Allen and Hodgman | L-1 Intracompany Transferees1769
L-1 Intracompany Transferees
- An “Intra-company transferee” is a person who has worked for a foreign company related to a company in the United States for at least one year out of the past three, and is now coming to the United States to continue working for the related U.S. company.
- The foreign company must be the parent, subsidiary, affiliate or branch office of the U.S. company. The rules are complicated and must be analyzed carefully. Both companies must continue to do business after the transfer occurs.
- The employee must be coming to the U.S. to perform duties as an executive or manager (“L-1A”), or because she has specialized knowledge of the company’s business (“L-1B”). The work previously performed for the foreign company for the qualifying one year period must also be this type of employment. An executive or manager will often qualify for “fast track” Green Card processing as well, without the need for labor certification. Specialized knowledge employees may also start the Green Card process if sponsored by the employer, but labor certification is needed.
- Qualifying Ls are admitted for three years. Managers and executives may be granted extensions in two year increments, up to seven years in total. Specialized knowledge employees may be granted extensions up to five years in total. Spouses and children are admitted as well as L-2s. The spouses of L employees may apply for work authorization.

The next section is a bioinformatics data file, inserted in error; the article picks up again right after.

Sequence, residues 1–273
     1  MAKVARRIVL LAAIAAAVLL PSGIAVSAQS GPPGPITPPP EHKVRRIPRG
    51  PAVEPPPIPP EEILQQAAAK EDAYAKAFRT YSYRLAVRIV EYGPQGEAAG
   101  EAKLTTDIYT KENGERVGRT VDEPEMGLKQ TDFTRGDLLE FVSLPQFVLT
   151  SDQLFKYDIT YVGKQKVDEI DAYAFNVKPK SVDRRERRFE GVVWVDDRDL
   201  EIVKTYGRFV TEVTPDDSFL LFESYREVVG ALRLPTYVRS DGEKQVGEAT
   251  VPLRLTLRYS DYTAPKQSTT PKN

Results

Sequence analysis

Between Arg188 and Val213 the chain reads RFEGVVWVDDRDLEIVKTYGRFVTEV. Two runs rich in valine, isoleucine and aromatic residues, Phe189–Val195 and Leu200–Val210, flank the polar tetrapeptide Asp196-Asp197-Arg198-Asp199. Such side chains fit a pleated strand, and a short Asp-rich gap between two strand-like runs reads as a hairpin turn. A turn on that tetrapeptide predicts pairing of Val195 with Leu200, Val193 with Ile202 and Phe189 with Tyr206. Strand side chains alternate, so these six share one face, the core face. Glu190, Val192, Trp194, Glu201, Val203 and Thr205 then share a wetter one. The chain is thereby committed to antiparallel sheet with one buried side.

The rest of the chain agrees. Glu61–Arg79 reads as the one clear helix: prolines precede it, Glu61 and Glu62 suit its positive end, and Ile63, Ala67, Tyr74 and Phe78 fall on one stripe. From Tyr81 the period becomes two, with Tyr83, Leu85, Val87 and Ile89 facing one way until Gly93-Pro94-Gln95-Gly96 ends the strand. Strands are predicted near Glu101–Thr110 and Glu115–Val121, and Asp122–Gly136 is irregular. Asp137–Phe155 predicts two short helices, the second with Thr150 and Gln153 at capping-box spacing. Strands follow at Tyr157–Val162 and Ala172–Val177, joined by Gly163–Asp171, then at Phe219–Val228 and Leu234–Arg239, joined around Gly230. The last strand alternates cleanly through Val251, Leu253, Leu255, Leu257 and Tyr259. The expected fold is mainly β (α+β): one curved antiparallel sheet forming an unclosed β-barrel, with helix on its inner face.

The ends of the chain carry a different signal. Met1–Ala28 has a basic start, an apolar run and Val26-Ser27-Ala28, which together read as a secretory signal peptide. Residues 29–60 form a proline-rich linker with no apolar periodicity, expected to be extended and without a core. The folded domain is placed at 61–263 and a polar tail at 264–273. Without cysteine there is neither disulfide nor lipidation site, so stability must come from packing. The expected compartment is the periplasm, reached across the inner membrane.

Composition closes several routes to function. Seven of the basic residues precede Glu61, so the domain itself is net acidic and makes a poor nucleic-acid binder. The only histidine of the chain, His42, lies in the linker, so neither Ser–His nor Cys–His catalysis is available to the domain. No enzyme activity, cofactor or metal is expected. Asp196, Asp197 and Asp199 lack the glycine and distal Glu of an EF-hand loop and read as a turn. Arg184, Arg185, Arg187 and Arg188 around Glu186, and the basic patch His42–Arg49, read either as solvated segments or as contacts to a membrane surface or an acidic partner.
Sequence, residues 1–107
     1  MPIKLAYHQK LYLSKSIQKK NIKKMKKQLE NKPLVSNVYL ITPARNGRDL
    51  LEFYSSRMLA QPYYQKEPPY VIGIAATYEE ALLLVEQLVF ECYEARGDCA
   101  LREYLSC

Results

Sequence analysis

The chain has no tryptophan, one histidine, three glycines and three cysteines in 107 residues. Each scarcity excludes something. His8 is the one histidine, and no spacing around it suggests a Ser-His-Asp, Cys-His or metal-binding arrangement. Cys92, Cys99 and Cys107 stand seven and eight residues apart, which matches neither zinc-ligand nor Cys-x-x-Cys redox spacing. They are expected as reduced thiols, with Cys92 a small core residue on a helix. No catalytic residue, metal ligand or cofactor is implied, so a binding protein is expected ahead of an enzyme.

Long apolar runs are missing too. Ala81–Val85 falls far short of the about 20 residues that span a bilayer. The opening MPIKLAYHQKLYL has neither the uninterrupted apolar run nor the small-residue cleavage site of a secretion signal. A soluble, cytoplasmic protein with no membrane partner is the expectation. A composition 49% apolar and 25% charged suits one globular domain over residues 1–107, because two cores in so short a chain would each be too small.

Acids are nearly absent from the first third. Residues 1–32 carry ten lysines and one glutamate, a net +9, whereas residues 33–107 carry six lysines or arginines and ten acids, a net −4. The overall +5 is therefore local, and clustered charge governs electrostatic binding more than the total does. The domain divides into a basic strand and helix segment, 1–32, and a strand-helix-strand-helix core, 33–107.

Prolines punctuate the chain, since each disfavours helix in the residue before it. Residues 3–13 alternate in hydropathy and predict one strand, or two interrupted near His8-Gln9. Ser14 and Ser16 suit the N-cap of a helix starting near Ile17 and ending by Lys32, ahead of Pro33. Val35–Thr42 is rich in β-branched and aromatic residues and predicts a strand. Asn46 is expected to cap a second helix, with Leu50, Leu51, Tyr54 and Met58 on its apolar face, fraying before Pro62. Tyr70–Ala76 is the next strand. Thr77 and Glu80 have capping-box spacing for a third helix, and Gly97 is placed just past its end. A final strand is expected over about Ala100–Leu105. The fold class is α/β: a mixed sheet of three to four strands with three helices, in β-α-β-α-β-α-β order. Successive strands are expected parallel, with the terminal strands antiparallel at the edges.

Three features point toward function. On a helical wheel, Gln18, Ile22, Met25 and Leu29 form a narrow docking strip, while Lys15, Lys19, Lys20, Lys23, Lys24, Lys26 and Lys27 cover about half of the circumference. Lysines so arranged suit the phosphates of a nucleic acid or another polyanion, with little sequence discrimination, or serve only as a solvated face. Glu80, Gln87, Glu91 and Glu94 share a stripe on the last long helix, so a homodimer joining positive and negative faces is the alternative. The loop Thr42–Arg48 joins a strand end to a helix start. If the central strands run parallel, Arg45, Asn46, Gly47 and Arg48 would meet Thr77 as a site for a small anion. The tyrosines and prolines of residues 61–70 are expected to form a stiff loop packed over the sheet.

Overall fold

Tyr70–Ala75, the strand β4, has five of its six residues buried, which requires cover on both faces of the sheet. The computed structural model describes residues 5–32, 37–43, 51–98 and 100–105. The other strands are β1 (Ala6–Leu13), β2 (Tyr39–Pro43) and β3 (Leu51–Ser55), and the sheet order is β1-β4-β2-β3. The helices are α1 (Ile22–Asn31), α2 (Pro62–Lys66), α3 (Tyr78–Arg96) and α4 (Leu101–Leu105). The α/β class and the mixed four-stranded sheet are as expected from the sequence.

- L petitions are filed with a USCIS service centers. However, Canadian citizens may apply for L status at the border, or at an airport with preflight clearance, under NAFTA. The filing fee is $325. In addition, there is a $500 “fraud surcharge” that applies to all new L petitions, but not to extensions. For an extra $1,225, CIS will process the petition within 15 days. In most cases (other than Canadians), the person must apply for an L visa stamp at a U.S. consulate once the petition is approved.
- There are special rules for new U.S. offices that have been open for less than one year. Persons coming to the U.S. to operate new offices must submit business plans, and are usually granted an initial period of only one year. A company must be doing business in the U.S. for one year before L executives and managers can apply for Green Cards.
- Recently, there has been media criticism of the L-1 category, and interpretation of the rules has been tightened. A new law prohibits the use of L employees at third-party work sites in most cases. Also, it has gotten more difficult to convince the Service Centers that a job really involves “specialized knowledge.” These developments make it even more important to obtain professional help in filing L petitions.